Tourette Syndrome

Tourette syndrome (TS) is a neurological disorder characterized by repetitive, stereotyped, involuntary movements and vocalizations called tics. The disorder is named for Dr. Georges Gilles de la Tourette, the pioneering French neurologist who in 1885 first described the condition in an 86-year-old French noblewoman.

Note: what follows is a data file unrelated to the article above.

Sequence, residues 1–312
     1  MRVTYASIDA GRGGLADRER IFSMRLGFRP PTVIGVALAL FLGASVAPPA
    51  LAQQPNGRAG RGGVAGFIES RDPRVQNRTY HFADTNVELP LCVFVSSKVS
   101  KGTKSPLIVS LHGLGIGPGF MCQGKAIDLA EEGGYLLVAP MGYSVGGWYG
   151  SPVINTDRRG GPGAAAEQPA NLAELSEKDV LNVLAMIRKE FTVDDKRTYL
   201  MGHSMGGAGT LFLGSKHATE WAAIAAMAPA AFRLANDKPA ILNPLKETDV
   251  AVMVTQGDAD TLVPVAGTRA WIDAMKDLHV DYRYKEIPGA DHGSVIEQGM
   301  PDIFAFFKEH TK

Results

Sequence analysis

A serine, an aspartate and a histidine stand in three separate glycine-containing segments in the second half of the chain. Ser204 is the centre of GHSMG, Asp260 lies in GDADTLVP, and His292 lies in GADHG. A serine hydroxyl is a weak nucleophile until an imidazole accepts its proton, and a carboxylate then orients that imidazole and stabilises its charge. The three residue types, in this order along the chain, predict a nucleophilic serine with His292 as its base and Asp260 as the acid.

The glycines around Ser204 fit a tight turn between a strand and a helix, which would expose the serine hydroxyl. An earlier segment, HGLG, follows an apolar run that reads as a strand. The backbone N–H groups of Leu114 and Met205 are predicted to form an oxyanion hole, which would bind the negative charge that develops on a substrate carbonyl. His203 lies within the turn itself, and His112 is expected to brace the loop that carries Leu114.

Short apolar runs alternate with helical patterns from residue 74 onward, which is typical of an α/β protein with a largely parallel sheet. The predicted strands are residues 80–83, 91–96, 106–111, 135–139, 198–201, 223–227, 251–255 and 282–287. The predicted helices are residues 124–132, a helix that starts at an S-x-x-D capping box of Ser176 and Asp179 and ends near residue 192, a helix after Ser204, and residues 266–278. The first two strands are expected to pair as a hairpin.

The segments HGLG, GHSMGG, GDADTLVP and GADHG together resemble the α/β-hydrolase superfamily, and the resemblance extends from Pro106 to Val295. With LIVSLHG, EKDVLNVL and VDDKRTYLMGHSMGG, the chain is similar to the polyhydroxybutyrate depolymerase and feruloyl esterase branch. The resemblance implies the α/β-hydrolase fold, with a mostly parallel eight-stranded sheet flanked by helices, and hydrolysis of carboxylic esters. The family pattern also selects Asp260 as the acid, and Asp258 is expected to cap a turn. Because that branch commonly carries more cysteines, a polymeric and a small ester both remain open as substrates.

The early symptoms of Tourette syndrome are almost always noticed first in childhood, with the average onset between the ages of 7 and 10 years. Tourette syndrome occurs in people from all ethnic groups; males are affected about three to four times more often than females. It is estimated that 200,000 Americans have the most severe form of Tourette syndrome, and as many as one in 100 exhibit milder and less complex symptoms such as chronic motor or vocal tics or transient tics of childhood. Although Tourette syndrome can be a chronic condition with symptoms lasting a lifetime, most people with the condition experience their worst symptoms in their early teens, with improvement occurring in the late teens and continuing into adulthood.

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